Charlie Munger's mental models: Three crucial investing lessons

These models can make you self-aware of where you are going wrong

Charlie Munger mental model | Investing lessons to learn

Charlie Munger, one of the most successful investors ever, is said to have the best 30-second mind in the world. He sees the essence of everything before you can even finish the sentence.

How does he do it? By observing reality and running it against his mental models. These models have helped him make better decisions in business, life, and the stock markets.

Before we proceed further, let's understand what mental models are. In simple words, mental models enable our brains to make sense of the world by reducing its complexity. But our brains can subconsciously react to an event in a way that may not have the best outcome. Hence, we need to recognise these biases to improve our decision-making process.

So, let's look at some mental models we tend to overlook when making our investment decision.

# 1 Doubt and avoidance tendency
Let's imagine the markets have turned red, and there are talks of recession. What would be a natural human reaction? Pure panic.

In such moments, our rationality takes a backseat. Neither do we check the quality of our investment nor try to understand the reasons for the market downfall. Instead, we take the easiest route possible, dumping our investment as quickly as possible, sometimes at a loss.

This reaction is called the doubt and avoidance tendency.

In such times, we cannot handle the pressure, causing us to make ill-informed choices - no matter how good these investments are or can be in the long run.

This is why Charlie Munger, the vice president of Berkshire Hathaway, uses his mental models to recognise these biases.

Over the years, these models have helped him immensely - and how.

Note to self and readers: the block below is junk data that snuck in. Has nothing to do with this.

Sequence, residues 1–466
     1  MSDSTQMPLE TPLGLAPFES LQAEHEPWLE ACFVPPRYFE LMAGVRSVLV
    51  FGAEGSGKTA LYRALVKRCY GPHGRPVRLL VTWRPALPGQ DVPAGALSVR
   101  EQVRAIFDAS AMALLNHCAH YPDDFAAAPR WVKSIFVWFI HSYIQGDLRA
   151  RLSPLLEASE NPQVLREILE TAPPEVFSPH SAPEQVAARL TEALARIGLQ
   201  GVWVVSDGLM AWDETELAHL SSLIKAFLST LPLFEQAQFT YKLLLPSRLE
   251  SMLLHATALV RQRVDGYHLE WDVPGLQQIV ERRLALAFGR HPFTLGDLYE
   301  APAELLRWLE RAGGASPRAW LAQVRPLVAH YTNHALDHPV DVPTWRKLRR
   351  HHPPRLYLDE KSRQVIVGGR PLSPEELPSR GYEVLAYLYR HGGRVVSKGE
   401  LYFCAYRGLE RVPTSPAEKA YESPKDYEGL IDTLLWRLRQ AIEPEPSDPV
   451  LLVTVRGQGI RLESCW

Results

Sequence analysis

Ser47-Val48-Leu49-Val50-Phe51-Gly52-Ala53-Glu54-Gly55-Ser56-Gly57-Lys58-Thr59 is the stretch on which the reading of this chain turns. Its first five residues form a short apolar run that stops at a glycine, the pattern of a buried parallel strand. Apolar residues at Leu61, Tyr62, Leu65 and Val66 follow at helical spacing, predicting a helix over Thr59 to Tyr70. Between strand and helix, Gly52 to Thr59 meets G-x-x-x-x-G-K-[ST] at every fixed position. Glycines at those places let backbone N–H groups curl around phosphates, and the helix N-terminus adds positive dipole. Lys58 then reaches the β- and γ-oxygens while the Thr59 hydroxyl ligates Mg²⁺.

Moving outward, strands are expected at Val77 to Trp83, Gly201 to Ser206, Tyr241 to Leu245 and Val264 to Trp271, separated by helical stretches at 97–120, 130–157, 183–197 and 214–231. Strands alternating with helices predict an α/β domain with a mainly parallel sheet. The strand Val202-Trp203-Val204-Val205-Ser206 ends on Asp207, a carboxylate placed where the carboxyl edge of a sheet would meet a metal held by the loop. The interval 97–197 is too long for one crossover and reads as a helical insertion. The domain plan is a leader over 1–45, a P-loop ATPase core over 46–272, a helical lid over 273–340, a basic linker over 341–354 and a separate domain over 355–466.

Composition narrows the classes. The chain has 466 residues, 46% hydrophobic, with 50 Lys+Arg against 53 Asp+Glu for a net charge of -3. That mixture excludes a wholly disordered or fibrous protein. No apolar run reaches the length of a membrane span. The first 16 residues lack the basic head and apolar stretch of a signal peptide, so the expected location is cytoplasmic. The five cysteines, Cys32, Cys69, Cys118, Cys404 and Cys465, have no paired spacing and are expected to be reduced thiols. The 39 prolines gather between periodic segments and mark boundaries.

For instance, his company has held shares of Coca Cola and American Express for more than three decades, which have witnessed several recessions and market falls. But he didn't react to such events, and since he was sure of the quality of stocks, he simply let the storm pass over.

This strategy has worked wonders for him, with Coke and American Express delivering mind-boggling 1,800 per cent and 2,000 per cent returns, respectively!

Here's what he says about handling such situations, "I don't pay much attention to macroeconomic trends. Like the weather, I just ignore the weather. All these people that are blabbering on television don't think the way that I do."

What you should do
Like Munger, stay calm and let your investments do their 'kaam' (work).

In times of trouble, take a step back, recollect your thoughts, do a little research, assess your investment's quality and then come to a decision.

# 2 Over-optimism tendency
Have you invested in an IPO just because everyone was talking about it? How did that play out? (Remember Zomato? Ouch. PayTM? Ufff. Painful memories, right?)

Well, this is another mental bias, and it's called the over-optimism tendency. In such cases, we jump in without calculating the risks.

The same goes for investors who have employed their hard-earned money in crypto assets.

Munger has been particularly dismissive of such over-optimism, saying that cryptocurrencies like Bitcoin were simply "created out of thin air" and that it is "stupid and evil".

What you should do
There's a thin line between gambling and investing. So, calculate the risks of an investment; don't go with the crowd and keep your optimism in check. You are investing your hard-earned money at the end of the day.

#3 Deprival-super reaction tendency
We ordinarily react to losses more intensely than when we win. This is why we hold on to our investments when it is up by five per cent, but we like to discard them if it falls by even three per cent.

Similarly, we sell our investment or stop our SIPs at the slightest threat of a loss.

This reaction is called the deprival-super reaction tendency, or loss aversion. We would rather avoid losing something than gain something.

Munger blames it on our temperament.

"A lot of people with high IQs are terrible investors because they have got terrible temperaments," is a timeless Munger quote that beautifully sums up our irrationality.

What you should do
Don't react to the smallest of losses. Just like us, our investments may need time and space to breathe to perform well.

To sum up, these mental biases are common, and we all have similar reactions to a given situation. However, Munger's mental models can help us be more aware of our weaknesses. This can only increase the quality of our investment decisions in the long run.

Suggested read:
Buffett's business beliefs
Buffett's $1 test

Other Categories